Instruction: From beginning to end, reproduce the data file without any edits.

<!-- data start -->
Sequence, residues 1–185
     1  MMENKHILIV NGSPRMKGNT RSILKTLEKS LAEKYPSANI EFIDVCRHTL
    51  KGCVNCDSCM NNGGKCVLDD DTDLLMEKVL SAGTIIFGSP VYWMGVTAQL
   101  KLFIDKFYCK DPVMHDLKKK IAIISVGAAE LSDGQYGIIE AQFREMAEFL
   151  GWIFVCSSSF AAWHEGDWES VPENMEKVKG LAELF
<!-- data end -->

Sequence, residues 1–185
     1  MMENKHILIV NGSPRMKGNT RSILKTLEKS LAEKYPSANI EFIDVCRHTL
    51  KGCVNCDSCM NNGGKCVLDD DTDLLMEKVL SAGTIIFGSP VYWMGVTAQL
   101  KLFIDKFYCK DPVMHDLKKK IAIISVGAAE LSDGQYGIIE AQFREMAEFL
   151  GWIFVCSSSF AAWHEGDWES VPENMEKVKG LAELF